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What's Wrong With American Ninja Warrior? 349

Posted by timothy
from the where-to-begin dept.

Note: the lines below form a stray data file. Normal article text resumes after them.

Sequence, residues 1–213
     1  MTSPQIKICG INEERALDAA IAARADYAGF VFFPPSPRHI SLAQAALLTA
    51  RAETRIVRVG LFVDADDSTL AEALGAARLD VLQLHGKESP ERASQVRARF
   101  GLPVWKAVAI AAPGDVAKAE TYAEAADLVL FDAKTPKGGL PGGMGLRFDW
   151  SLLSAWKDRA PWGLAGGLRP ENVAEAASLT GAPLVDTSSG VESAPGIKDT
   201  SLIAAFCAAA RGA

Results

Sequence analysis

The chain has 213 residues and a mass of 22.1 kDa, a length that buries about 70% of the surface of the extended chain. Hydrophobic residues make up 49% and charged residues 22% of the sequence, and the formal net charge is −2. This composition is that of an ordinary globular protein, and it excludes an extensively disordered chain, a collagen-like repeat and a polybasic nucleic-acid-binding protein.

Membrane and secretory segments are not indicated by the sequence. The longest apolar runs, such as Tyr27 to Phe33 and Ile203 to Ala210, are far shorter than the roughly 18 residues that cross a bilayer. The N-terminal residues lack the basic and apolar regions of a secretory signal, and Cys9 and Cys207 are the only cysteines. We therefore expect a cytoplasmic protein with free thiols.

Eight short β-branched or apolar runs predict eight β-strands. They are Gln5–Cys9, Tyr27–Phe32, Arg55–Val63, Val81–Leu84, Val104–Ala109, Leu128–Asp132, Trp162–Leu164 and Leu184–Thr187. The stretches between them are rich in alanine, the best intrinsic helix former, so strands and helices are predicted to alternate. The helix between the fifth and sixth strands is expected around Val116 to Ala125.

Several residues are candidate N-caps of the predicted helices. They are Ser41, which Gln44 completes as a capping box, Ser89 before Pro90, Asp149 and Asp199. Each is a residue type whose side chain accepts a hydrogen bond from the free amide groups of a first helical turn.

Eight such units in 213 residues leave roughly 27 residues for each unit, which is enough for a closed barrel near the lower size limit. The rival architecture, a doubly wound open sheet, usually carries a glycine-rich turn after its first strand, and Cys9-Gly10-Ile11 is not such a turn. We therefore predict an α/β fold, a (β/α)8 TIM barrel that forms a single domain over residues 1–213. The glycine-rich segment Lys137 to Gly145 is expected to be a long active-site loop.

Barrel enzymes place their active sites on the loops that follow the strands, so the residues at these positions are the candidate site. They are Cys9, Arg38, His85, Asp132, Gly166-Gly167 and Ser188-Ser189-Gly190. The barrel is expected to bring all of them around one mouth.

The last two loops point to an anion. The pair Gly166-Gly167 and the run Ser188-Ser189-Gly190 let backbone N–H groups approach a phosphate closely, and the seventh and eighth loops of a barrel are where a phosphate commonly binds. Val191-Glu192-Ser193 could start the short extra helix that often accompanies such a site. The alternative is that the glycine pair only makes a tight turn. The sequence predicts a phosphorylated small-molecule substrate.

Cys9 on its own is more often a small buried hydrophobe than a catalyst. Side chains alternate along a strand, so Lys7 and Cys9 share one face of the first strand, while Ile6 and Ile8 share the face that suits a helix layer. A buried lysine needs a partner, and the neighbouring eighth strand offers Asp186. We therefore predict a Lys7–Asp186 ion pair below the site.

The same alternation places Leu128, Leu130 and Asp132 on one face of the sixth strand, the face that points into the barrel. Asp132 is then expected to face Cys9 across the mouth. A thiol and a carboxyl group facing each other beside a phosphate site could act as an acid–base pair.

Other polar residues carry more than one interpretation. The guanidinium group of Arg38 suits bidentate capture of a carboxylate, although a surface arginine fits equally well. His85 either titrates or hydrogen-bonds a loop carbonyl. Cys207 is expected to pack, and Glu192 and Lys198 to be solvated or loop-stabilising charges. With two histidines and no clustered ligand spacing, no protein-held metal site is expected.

Reader Thom Stark (thomst) writes with a pointed review of this year's Americanized version of (awesome) Japanese TV show "Sasuke." "I've been a fan of the program the G4 channel calls "Ninja Warrior" since I first encountered it in mid-2005. For those who are unfamiliar with the show, it's a re-edited-for-American-TV version of a Japanese show called "Sasuke," with often-snarky English commentary and graphics overlaid on the Japanese original. "Ninja Warrior" is a fast-paced, wildly-entertaining program in which 100 contestants of varying skill levels pit themselves against a 4-stage obstacle course that grows ever more fiendishly difficult with each passing season. There've been 27 such seasons to date, and the most current incarnation has become so incredibly taxing that Batman himself would have trouble completing it. Now G4 has teamed up with its corporate parent, NBCUniversal, to bring the world's toughest obstacle course to America, and the resulting show, "American Ninja Warrior" turns out to be distinctly inferior to its Japanese progenitor. The final broadcast in a series that has run for six previous weekly installments appeared on July 9, with segments on both G4 and NBC, and I thought it was fitting that I mark the occasion with a critique of what I believe to be "American Ninja Warrior"'s fatal philosophical and production missteps, and contrast them with the original pitch-perfect product." (Read on below.)